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  • noun

Synonyms for Monochamus

References in periodicals archive ?
and Eucalyptus globulus (Labille) leaves were repellent to adult Apriona germari (Hope), Psacothea hilaris, and Monochamus alternatus.
Female choice of mates in a polygynous insect, the whitespotted sawyer Monochamus scutellatus.
The cerambycid beetle shown in the photo belongs to the genus Monochamus, and is infested by gamarid mites, frequent parasites of invertebrates.
Transmission of Bursaphelenchus lignicolus by Monochamus alternatus.
The work to develop and establish this treatment was performed on pinewood nematode Bursaphelenchus xylophilus, a serious pathogen vectored by Cerambycid beetles in the genus Monochamus (EOLAS 1991).
The Japanese pine sawyer, Monochamus alternatus Hope (Coleoptera: Cerambycidae), is a major pest of coniferous forests, especially pines (Pinus species; Pinales: Pinaceae), and is also the key vector of the exotic pinewood nematode, Bursaphelenchusxylophilus (Steiner et Buhrer) (Nematoda: Aphelenchoididae) in eastern Asia (Kobayashi et al.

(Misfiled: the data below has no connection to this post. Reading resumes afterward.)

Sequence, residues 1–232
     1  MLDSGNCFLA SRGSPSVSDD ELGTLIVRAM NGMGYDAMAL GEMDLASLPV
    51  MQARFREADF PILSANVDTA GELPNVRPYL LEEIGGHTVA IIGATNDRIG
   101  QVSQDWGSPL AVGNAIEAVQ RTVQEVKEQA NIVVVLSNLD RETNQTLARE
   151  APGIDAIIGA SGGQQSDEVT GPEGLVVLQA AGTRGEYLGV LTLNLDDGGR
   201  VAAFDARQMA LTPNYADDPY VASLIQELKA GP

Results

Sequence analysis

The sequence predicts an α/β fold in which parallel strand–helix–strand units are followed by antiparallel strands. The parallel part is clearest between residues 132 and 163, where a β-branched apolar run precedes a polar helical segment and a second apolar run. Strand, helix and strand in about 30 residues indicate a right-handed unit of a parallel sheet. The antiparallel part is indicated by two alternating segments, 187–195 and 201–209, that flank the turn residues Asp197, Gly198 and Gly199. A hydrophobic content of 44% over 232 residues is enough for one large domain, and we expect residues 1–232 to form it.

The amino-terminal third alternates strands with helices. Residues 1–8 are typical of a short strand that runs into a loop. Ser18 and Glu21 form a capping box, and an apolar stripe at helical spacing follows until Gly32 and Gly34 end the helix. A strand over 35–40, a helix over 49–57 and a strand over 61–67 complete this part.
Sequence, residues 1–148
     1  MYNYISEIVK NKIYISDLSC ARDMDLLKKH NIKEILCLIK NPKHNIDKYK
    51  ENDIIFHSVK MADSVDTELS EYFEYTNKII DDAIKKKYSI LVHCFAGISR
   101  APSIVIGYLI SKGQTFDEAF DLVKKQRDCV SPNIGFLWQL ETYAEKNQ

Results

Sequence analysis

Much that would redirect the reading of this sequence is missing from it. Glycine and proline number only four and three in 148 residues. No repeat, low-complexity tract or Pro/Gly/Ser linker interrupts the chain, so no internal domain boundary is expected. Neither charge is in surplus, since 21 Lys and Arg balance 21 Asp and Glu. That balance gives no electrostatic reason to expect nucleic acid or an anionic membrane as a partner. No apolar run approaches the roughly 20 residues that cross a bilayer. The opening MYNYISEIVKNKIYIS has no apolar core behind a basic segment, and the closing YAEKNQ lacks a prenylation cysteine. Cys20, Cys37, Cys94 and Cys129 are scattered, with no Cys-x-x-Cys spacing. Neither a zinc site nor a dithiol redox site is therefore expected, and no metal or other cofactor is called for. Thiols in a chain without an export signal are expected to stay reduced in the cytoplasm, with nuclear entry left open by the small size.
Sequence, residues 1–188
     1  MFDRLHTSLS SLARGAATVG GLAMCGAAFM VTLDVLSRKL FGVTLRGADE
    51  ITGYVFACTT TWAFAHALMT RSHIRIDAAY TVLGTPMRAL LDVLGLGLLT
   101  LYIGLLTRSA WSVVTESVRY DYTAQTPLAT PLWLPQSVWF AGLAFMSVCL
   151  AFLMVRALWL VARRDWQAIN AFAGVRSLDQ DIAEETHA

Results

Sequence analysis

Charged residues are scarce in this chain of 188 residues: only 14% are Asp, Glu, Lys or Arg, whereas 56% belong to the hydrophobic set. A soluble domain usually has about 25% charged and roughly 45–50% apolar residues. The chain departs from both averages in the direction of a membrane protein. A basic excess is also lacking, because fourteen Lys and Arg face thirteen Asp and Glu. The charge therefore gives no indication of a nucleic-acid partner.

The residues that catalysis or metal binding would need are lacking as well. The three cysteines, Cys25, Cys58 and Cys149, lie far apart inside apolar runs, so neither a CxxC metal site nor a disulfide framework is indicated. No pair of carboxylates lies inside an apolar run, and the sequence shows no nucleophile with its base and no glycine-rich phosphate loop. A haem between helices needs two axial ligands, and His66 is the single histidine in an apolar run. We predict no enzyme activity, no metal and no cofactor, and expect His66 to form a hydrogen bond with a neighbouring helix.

The Japanese pine sawyer Monochamus alternatus Hope (Coleoptera: Cerambycidae) is a serious pest management concern in stands of pines.
However, the main species present, Monochamus scutellatus, requires 2 years to complete its life cycle in the climatic zone where the study was conducted (Natural Resources Canada 2010).
Kairomonal responses of Coleoptera, Monochamus titallator (Cerambycidae), Thanasimus dubius (Cleridae), and Temnochila virescens (Trogossitidae), to behavioral chemicals of southern pine bark beetles (Coleoptera: Scolytidae).
The pine sawyer beetle Monochamus alternatus Hope (Cerambycidae: Lamiinae) has been identified as the most important vector of the pine wood nematode in Asia (Ding et al.
A surrogate beetle species, Monochamus carolenesis, was used in place of the Asian longhorned beetle because of its availability in the Midwest, its similarity in size and life cycle to the Asian longhorned beetle, and its willingness to attack red pine (Pinus resinosa).
Many of these beetles, namely Pissodes nemorensis Germar, Ips grandicollis Eichhoff, various ambrosia beetles (Coleoptera: Curculionidae), and Monochamus spp.
Mamiya & Kiyohara (1972) described the facultative plant/fungus parasitic nematode as Bursaphelenchus "lignicolus" and Morimoto & Iwasaki (1972) implicated the longhorn beetle, Monochamus alternatus Hope as the primary vector of the nematode in Japan.
Shimazu (2004) noted that adhesion of dry conidia to the pine borer Monochamus alternatus from contact provided effective control of the insect.